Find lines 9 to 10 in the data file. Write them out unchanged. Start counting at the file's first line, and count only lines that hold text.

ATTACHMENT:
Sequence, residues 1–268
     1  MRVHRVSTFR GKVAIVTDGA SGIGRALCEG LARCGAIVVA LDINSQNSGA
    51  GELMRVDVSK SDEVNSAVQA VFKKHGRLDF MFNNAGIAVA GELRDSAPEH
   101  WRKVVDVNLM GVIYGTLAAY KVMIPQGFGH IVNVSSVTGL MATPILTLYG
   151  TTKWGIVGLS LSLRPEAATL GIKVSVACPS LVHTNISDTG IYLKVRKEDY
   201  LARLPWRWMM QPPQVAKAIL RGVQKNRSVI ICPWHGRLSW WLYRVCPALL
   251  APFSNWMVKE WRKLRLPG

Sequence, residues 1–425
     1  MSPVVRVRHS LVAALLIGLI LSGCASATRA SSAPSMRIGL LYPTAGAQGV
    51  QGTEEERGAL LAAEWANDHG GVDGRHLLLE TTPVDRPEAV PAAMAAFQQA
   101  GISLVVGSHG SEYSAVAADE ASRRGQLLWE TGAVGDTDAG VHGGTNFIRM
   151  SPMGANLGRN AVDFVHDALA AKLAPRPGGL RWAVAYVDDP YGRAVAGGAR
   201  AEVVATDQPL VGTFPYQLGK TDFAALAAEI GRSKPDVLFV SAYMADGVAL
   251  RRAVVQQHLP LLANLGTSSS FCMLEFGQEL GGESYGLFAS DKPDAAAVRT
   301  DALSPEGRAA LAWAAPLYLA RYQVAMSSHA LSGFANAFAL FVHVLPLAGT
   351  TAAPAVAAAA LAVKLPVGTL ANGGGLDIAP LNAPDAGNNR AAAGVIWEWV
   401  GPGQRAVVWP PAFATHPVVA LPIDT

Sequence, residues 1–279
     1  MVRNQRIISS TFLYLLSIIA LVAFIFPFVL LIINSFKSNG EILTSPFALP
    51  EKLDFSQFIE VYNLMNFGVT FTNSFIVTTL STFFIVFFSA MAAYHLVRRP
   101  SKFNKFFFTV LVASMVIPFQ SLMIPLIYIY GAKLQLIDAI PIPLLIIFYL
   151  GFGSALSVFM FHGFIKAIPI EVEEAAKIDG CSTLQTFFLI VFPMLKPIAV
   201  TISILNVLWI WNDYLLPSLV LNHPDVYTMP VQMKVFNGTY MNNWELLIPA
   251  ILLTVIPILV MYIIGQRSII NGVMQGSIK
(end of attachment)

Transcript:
     1  MSPVVRVRHS LVAALLIGLI LSGCASATRA SSAPSMRIGL LYPTAGAQGV
    51  QGTEEERGAL LAAEWANDHG GVDGRHLLLE TTPVDRPEAV PAAMAAFQQA